Moreover, he is unable to devise any satisfactory formula to evaluate new equipment against old when, owing to changes in technique, the two are not identical. I believe that the concept at which Professor Pigou is aiming is the right and appropriate concept for economic analysis. But, until a satisfactory system of units has been adopted, its precise definition is an impossible task. The problem of comparing one real output with another and of then calculating net output by setting off new items of equipment against the wastage of old items presents conundrums which permit, one can confidently say, of no solution.
(iii) Thirdly, the well-known, but unavoidable, element of vagueness which admittedly attends the concept of the general price-level makes this term very unsatisfactory for the purposes of a causal analysis, which ought to be exact.
Nevertheless these difficulties are rightly regarded as ‘conundrums’. They are ‘purely theoretical’ in the sense that they never perplex, or indeed enter in any way into, business decisions and have no relevance to the causal sequence of economic events, which are clear-cut and determinate in spite of the quantitative indeterminacy of these concepts. It is natural, therefore, to conclude that they not only lack precision but are unnecessary. Obviously our quantitative analysis must be expressed without using any quantitatively vague expressions. And, indeed, as soon as one makes the attempt, it becomes clear, as I hope to show, that one can get on much better without them.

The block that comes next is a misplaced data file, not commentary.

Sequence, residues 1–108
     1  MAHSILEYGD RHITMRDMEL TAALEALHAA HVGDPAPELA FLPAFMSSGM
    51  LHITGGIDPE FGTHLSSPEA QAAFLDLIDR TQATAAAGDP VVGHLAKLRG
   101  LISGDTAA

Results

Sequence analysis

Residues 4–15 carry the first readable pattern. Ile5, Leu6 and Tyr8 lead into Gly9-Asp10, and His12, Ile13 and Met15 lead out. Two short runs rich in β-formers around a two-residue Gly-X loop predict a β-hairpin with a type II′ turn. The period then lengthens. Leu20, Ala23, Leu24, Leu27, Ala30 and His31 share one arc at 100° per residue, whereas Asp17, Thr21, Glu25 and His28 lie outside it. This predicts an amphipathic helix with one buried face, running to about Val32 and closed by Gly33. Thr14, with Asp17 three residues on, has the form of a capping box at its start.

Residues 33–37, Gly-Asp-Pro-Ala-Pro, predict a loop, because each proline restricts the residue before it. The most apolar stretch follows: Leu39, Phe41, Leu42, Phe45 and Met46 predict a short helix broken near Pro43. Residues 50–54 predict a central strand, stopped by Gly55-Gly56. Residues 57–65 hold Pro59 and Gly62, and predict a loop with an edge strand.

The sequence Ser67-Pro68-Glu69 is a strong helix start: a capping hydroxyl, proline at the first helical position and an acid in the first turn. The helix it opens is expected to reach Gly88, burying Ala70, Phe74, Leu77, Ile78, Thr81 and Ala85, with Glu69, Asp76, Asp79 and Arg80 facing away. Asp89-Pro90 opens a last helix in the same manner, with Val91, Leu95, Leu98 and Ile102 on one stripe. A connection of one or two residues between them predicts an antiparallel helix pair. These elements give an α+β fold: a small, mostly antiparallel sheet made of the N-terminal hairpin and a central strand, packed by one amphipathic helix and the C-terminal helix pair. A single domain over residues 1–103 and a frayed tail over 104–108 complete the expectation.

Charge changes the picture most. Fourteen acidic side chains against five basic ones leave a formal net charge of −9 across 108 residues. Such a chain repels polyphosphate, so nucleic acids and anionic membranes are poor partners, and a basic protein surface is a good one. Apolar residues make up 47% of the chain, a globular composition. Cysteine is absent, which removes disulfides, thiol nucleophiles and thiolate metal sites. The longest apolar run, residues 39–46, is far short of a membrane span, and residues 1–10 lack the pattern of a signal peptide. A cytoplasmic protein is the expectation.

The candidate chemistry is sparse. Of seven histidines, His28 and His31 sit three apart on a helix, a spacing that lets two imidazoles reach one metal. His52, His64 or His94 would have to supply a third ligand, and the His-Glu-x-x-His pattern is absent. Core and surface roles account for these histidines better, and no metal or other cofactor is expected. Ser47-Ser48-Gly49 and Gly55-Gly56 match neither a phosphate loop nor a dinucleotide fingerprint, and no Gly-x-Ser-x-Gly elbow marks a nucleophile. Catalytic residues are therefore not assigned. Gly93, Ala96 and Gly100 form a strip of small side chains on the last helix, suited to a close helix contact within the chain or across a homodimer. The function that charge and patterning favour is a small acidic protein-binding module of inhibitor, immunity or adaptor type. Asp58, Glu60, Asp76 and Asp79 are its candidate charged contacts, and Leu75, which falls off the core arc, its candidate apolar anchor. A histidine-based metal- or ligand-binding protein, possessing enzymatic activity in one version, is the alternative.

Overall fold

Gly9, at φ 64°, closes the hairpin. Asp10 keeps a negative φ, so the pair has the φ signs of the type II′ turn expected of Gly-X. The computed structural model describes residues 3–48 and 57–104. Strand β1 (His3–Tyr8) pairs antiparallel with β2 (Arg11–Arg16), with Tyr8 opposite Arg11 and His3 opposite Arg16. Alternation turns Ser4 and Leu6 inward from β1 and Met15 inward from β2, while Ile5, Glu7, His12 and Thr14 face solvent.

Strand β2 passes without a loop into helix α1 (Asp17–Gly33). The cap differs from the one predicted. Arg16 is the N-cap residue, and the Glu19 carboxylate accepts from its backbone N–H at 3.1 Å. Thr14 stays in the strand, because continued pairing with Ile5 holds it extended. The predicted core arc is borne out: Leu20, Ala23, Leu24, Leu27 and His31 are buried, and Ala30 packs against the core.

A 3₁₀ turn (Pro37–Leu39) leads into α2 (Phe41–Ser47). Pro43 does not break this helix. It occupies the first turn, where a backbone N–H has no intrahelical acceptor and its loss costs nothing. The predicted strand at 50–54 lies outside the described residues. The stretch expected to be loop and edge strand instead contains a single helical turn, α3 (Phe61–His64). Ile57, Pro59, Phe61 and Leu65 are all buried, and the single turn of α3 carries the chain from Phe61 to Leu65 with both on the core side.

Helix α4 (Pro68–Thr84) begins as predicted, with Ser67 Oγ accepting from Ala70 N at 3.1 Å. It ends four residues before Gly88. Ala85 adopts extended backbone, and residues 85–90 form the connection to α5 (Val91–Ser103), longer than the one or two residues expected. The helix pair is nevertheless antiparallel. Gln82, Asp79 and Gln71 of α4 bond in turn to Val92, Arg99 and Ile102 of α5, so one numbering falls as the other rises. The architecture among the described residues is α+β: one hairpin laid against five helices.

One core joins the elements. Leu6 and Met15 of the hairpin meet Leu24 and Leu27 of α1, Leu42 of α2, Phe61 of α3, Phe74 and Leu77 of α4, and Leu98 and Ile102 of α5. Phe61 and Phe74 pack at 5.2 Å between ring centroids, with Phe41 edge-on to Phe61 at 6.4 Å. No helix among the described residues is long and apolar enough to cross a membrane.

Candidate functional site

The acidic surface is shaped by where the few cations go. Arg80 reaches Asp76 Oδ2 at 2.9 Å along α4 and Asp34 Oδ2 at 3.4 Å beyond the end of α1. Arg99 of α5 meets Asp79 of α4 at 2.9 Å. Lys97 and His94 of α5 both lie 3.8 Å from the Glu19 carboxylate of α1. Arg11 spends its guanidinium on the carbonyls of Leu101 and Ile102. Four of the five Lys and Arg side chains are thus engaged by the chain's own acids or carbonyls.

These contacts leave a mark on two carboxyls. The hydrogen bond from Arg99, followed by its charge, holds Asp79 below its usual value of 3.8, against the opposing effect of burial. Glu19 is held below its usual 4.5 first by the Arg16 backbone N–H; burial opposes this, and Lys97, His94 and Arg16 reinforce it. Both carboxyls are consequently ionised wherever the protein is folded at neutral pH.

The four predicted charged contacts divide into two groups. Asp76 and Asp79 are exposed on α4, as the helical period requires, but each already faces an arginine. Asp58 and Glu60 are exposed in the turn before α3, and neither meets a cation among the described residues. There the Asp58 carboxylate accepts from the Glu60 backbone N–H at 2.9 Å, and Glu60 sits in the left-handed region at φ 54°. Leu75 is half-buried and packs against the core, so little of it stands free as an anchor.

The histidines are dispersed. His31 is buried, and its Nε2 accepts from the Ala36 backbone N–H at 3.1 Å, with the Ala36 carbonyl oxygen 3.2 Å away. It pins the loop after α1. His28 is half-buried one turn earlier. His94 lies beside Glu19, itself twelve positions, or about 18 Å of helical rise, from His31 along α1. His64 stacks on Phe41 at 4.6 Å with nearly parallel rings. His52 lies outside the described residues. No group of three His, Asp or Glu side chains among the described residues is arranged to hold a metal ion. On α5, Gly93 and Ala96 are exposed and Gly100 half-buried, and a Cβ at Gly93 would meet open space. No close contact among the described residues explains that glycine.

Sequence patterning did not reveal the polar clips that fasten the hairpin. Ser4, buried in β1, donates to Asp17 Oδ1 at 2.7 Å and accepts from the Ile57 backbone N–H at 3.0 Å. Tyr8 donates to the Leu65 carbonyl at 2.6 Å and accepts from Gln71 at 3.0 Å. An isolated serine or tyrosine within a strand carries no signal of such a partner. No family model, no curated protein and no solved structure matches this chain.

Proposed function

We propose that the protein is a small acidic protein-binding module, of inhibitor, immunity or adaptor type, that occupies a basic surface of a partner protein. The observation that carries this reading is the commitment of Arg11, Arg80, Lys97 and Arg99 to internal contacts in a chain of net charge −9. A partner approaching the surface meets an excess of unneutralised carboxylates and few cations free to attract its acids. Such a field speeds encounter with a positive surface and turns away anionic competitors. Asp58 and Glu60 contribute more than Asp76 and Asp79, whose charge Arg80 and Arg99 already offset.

The fact that two incommensurable collections of miscellaneous objects cannot in themselves provide the material for a quantitative analysis need not, of course, prevent us from making approximate statistical comparisons, depending on some broad element of judgment rather than of strict calculation, which may possess significance and validity within certain limits.
But the proper place for such things as net real output and the general level of prices lies within the field of historical and statistical description, and their purpose should be to satisfy historical or social curiosity, a purpose for which perfect precision — such as our causal analysis requires, whether or not our knowledge of the actual values of the relevant quantities is complete or exact — is neither usual nor necessary. To say that net output to-day is greater, but the price-level lower, than ten years ago or one year ago, is a proposition of a similar character to the statement that Queen Victoria was a better queen but not a happier woman than Queen Elizabeth — a proposition not without meaning and not without interest, but unsuitable as material for the differential calculus. Our precision will be a mock precision if we try to use such partly vague and non-quantitative concepts as the basis of a quantitative analysis.